The Christmas Conference was an historic founding conference of the newly independent Methodists within the United States held just after the American Revolution at Lovely Lane Chapel in Baltimore, Maryland, in 1784.
Thomas Charles Edwards was a Welsh minister, writer and academic who was the first Principal of the University College of Wales, Aberystwyth.
Elijah Hedding was an American bishop of the Methodist Episcopal Church, elected in 1824.
Joshua Soule was an American bishop of the Methodist Episcopal Church, and then of the Methodist Episcopal Church, South.
John Jones, Talysarn, was a Welsh Calvinistic Methodist minister, regarded as one of the greatest preachers in the history of Wales. Because the name "John Jones" was one of the most common in Wales at the time, he is usually differentiated by others of the same name by the use of the suffix "Talysarn", denoting the village where he lived.
This article is about the particular significance of the year 1802 to Wales and its people.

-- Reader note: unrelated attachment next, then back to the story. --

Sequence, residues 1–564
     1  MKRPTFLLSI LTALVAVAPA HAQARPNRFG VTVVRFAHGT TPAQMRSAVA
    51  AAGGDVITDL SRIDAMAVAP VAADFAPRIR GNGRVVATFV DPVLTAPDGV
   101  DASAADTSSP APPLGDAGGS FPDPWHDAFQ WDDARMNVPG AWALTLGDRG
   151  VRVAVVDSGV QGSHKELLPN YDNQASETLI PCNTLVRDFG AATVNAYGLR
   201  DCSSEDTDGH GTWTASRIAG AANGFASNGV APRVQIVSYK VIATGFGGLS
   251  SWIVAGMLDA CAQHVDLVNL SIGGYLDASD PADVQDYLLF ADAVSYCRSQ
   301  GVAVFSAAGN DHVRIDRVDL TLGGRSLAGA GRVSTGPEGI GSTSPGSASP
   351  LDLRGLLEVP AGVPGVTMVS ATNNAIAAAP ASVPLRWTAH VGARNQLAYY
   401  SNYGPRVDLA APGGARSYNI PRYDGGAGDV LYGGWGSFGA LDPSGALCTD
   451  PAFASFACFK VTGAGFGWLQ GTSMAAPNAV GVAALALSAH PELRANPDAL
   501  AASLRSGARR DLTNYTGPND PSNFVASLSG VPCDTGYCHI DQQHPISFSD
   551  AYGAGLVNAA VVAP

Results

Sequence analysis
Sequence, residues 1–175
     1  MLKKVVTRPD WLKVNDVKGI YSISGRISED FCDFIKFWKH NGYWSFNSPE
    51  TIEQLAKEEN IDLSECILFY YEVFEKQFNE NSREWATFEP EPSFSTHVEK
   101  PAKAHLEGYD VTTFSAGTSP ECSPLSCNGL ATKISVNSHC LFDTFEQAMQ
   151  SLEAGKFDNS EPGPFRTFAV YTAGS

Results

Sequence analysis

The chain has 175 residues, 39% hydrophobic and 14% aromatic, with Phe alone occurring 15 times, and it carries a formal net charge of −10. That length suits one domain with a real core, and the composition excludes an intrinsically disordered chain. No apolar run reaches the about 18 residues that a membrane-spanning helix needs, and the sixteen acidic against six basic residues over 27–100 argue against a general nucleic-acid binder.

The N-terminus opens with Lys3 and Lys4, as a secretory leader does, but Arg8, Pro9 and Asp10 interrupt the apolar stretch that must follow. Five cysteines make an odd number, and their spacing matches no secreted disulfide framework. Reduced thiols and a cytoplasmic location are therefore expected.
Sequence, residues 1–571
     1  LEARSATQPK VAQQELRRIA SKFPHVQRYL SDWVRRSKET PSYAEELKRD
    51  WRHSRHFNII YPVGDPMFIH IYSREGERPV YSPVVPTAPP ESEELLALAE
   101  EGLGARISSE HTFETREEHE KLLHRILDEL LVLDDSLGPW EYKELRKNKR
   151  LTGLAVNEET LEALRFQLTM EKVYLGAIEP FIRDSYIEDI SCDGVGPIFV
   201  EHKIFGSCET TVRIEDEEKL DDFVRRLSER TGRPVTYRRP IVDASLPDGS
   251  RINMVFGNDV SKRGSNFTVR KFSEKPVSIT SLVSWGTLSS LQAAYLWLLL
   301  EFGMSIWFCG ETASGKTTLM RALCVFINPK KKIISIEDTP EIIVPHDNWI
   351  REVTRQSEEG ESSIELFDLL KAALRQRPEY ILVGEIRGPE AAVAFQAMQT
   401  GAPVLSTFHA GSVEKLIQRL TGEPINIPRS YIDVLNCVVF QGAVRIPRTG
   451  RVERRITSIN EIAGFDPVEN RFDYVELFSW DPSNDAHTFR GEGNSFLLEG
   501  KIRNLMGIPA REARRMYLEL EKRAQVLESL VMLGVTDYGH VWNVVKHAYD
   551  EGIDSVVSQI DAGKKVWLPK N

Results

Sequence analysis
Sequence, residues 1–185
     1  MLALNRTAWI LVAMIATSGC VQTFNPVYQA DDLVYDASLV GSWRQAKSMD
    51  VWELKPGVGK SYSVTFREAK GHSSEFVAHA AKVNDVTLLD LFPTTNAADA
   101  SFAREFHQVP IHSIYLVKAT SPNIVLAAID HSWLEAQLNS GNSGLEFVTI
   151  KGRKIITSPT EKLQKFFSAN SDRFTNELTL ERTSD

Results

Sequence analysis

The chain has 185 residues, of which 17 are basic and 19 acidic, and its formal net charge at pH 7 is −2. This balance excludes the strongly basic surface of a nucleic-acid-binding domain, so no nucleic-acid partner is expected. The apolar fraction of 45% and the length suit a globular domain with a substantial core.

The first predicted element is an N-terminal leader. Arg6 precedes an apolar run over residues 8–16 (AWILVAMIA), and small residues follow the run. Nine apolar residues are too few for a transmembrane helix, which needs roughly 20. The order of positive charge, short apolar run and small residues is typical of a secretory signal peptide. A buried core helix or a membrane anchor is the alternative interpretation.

Richard Owen was a Welsh Calvinistic Methodist minister and preacher.
Roger Edwards D.D. was a Welsh Calvinistic Methodist, who later became prominent in Wales as a press editor and publisher.
Thomas Playfere was an English churchman and theologian, Lady Margaret's Professor of Divinity at Cambridge from 1596.
Harry Hosier, better known during his life as "Black Harry", was an African American Methodist preacher during the Second Great Awakening in the early United States. Dr. Benjamin Rush said that, "making allowances for his illiteracy, he was the greatest orator in America". His style was widely influential but he was never formally ordained by the Methodist Episcopal Church or the Rev. Richard Allen's separate African Methodist Episcopal Church in Philadelphia.
William Rowlands (1802–1865), known as Gwylym Lleyn, was a Welsh bibliographer and Methodist minister.